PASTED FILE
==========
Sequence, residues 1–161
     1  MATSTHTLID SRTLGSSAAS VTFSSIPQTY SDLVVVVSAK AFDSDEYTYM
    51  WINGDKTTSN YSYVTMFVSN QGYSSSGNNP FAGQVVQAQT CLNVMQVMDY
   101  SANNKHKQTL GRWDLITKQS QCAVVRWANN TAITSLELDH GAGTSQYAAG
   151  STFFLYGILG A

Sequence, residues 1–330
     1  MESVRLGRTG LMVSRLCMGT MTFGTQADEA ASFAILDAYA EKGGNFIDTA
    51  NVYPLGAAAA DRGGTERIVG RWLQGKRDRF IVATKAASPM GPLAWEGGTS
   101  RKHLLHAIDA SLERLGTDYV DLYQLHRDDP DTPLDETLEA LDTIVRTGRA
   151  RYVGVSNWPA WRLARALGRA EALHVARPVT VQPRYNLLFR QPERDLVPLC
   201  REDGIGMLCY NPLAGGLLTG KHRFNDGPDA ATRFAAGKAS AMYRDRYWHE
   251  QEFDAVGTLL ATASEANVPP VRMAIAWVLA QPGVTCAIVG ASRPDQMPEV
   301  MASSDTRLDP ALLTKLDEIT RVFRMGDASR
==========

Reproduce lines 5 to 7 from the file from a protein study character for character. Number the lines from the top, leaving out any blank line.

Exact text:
   151  STFFLYGILG A

Sequence, residues 1–330
     1  MESVRLGRTG LMVSRLCMGT MTFGTQADEA ASFAILDAYA EKGGNFIDTA